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Revised Atlantic Yards Plan Offers a Dramatic Vision for Brooklyn

In the controversy and excitement surrounding Bruce Ratner’s proposed Nets Arena [RECORD, January, 2004, p. 26] in Downtown Brooklyn, less attention has paid to the other elements of the plan, which include residential and office buildings.

Frank Gehry, FAIA’s updated renderings, revealed in June, show an enormous 21-acre zone of commercial and residential development with a scale that will easily shock, impress, or bewilder.

The still-preliminary designs for the $3.5 billion project include: the 19,000-seat basketball arena, with 12 high-rise residential buildings, 7.4 acres of open space, and four office towers of 35 to 60 stories abutting the arena. The boxy skyscrapers feature a definite Gehry flair for the twisted and askew, and the tallest among them–the 620-foot “Miss Brooklyn”–would surpass the Williamsburgh Savings Bank as Brooklyn’s highest.

 


Image Courtesy Forest City Ratner Companies

 

The eastern edge of the site, which creeps into the more residential and low-density neighborhood of Prospect Heights, would form a superblock, with seven residential buildings of 20 to 40 stories, and a large courtyard of gardens, pathways, with reflecting pool and ice-skaing rink. Gehry’s design includes 4,500 rental units (half for lower and middle incomes) and 1,500 market-rate condos.

The project’s developers were quick to respond to the complaints of several local groups, who bemoaned the project’s disruptive effect on their neighborhood. “This country’s growing, this city’s growing,” noted Forest City Ratner Companies (FCRC) Executive Vice-President Jim Stuckey. “If all you do is replace in kind, you’re a net loser.”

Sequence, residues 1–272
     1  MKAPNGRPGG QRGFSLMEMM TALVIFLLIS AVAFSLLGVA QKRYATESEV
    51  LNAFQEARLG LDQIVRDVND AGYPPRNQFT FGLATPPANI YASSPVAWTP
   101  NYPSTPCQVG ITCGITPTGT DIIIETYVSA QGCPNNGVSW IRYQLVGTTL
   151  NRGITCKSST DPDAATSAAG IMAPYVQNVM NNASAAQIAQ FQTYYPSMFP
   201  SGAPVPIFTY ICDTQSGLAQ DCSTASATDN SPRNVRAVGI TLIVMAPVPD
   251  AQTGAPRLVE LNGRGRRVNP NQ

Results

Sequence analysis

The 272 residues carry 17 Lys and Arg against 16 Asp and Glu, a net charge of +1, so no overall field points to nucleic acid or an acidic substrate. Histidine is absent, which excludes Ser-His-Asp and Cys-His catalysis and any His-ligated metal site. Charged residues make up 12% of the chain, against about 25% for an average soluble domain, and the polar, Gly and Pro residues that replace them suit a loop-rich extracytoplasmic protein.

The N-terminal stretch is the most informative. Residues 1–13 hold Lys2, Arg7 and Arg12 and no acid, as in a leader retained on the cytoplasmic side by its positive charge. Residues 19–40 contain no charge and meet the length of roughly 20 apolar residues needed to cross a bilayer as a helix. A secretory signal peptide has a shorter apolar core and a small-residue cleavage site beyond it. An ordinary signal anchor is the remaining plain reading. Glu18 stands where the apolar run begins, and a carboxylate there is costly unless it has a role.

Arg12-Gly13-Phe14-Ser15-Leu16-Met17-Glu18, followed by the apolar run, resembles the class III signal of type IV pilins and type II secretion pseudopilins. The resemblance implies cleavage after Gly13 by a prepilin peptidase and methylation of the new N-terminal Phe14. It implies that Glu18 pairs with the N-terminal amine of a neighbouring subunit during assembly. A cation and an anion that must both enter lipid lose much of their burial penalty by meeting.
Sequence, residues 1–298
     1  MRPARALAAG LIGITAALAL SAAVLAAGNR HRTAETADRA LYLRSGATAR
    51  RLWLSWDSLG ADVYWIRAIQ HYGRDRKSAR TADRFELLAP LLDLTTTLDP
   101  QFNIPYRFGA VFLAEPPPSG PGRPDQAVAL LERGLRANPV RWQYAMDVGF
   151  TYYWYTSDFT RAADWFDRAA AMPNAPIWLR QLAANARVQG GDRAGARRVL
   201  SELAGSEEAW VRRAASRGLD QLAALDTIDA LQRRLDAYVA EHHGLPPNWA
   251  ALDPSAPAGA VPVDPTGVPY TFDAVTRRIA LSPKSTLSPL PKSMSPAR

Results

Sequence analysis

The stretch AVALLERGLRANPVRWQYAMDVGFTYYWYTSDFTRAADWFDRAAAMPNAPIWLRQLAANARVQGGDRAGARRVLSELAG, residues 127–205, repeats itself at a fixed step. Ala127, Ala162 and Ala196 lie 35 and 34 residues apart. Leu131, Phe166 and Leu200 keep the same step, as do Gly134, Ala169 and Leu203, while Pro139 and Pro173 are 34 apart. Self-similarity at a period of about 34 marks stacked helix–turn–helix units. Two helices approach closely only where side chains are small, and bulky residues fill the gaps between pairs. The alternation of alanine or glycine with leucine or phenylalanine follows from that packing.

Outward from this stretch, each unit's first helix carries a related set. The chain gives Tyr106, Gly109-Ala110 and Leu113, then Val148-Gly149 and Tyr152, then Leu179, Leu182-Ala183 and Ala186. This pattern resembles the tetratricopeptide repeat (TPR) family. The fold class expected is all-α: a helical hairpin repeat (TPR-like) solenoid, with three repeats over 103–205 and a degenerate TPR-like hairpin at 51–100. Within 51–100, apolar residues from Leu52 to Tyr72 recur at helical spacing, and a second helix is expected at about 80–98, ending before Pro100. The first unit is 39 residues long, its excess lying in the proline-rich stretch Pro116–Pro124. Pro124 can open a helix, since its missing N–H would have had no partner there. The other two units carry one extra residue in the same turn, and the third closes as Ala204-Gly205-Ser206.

“Planners have always believed you should have density where you have mass transportation,” continued Stuckey. “This is a sound planning proposal.” But “the real issue,” adds Stuckey, is the creation of jobs and affordable housing.

All told, the site would contain some 5.5 million square feet of residential space, 1.9 million square feet of office space, 227,000 square feet of retail, and 850,000 square feet for the arena.

Meanwhile, on July 6, FCRC submitted its formal bid for the MTA-owned portion of the site. To everyone’s surprise, a competing plan from Extell Development Company for a significantly smaller project and no arena, was also submitted. While Ratner’s project already has substantial political support, many local people opposed to the arena back the Extell plan.

Ilan Kayatsky

 

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